I have a confession to make: I am totally addicted to my phone. It was pretty innocent at first: I’d leave my phone somewhere in my house or at the office and respond to messages whenever I had the time. Then I got a smart watch on the pretense of being able to track my health statistics and manage my music playback during the day, but I also set it to notify me when I got new messages. This was probably the beginning of my addiction because I’d get notifications every few minutes, giving my right wrist an almost predictable massage from the buzzing. Being unable to discern whether the notification was spam or actually important, I’d also check my watch every few minutes in time with the buzzing, feeling compelled to finish whatever it was I was doing at the time so I could find my phone to respond.
I got over having a smart watch pretty quickly but I still felt like I needed to have my phone by my side, “just in case.” I wasn’t sure what I was worried I’d miss out on, but I knew I needed to have it, and I’d started to feel a sense of withdrawal if I didn’t check my phone every hour or so. It got worse once I started giving my coworkers my phone number to contact me if I was out of office and something happened or needed to happen while I was away. I’ve been lucky to avoid having a corporate phone, or having work emails routed to my phone, but if there was a layoff happening or a big corporate announcement taking place, I wanted to know about it. I’ve always thought that being forewarned is the same as being forearmed. However, by the time news of corporate change would have been communicated publicly, it wasn’t as though I could do anything to protect myself from it.
It was a long time before I realized that the one thing that was tethered to my phone all the time was me. It was the first thing I checked when I woke up, the last thing I checked before I went to bed. If I was by myself for even a few seconds, my phone would be in my hand, and I’d be on Instagram so I could feel like I was part of something until real people showed up again. Being connected all of the time was stressing me out, both from the content I was absorbing, as well as the desire to always be on. What if my friends thought I hated them because I didn’t respond to their invitation to dinner next week? What if someone was planning a spontaneous get together and we were about to miss it because I didn’t get the notification right away.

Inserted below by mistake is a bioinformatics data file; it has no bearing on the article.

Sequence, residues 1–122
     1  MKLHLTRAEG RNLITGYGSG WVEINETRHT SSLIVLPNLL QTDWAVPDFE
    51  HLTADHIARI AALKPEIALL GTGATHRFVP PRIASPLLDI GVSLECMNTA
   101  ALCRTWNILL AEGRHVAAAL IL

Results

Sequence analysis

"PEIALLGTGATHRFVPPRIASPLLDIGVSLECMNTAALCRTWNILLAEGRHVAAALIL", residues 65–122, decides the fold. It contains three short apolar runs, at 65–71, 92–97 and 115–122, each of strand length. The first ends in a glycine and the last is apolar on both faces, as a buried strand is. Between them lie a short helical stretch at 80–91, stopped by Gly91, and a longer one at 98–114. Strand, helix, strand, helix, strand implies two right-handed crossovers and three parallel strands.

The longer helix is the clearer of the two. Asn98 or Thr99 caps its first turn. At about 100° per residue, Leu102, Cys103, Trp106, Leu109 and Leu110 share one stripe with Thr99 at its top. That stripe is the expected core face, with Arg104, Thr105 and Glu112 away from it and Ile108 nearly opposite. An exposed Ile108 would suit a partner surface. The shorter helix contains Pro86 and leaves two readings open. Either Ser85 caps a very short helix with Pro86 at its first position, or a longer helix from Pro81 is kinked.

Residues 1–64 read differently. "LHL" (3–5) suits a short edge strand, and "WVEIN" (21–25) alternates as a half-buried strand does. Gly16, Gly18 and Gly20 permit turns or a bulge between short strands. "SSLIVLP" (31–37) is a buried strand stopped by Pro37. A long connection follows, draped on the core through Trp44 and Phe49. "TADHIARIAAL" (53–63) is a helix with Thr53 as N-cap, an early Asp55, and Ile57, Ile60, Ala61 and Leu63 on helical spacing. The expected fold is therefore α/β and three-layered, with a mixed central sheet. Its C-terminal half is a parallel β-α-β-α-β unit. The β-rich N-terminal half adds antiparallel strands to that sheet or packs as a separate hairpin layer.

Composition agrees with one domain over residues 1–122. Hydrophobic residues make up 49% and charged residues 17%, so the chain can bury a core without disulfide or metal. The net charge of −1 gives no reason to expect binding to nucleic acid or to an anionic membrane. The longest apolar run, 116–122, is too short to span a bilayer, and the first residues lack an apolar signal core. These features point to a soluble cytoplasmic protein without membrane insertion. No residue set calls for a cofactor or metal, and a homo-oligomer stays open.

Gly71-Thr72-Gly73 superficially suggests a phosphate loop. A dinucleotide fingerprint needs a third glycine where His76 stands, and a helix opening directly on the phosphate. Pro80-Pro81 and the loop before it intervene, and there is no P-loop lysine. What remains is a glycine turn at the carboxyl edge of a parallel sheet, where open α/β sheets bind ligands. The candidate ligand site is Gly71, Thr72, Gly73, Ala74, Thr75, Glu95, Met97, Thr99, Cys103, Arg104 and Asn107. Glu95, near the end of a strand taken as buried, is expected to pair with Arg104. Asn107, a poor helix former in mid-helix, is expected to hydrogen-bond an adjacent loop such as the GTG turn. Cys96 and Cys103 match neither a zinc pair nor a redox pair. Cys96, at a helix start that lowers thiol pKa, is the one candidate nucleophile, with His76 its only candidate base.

About a month ago, I’d read up on something called a Digital Detox, where for a set amount of time, you’d disconnect from the digital world and leave the gadgets behind. No phones, no computers, no tablets, no smart watches, just you and whatever you chose to fill your day with. It was supposed to help you stay focused, be more productive, and lead a happier life. I’ll be the first to admit, the only thing I thought I was going to be was bored out of my mind. What was I going to do with myself for a whole day without any of the digital things that I thought I needed to get through the day? Was this really all it was cracked up to be?
Hubbie and I decided that we were going to do a one day digital detox because my addiction was intense, and I needed the time to go through the motions. The rules were simple: you only get to pick up your phone if someone actually was calling you, and computers were okay if we needed them to play back movies, music, or Netflix. Otherwise, our devices were hidden somewhere they could be easily forgotten, and we set out on a Saturday without the things that we thought we needed to survive. As it turns out, there were actually a ton of things that I could do in a day for myself and even more things I learned about myself through the experience. Here are the three biggest things I learned from my digital detox.
The Fire is a More Often Than Not a False Alarm
How many times have you heard someone say, “if XYZ was easy, they wouldn’t need professionals”? While it’s a nice thought, we throw that expression around every time things get tough or difficult to handle. We almost make it sound like businesses would fail and the world would cease to exist if we weren’t constantly working on fixing the issues. We start to feel like we need to be connected all of the time, respond to emails immediately, and put out fires before they happen. I have a friend who believed so strongly that she was the only member of her team who could handle an issue that she purposely stayed at the hotel we were sharing in Los Angeles for two days of our five-day vacation to respond to emails.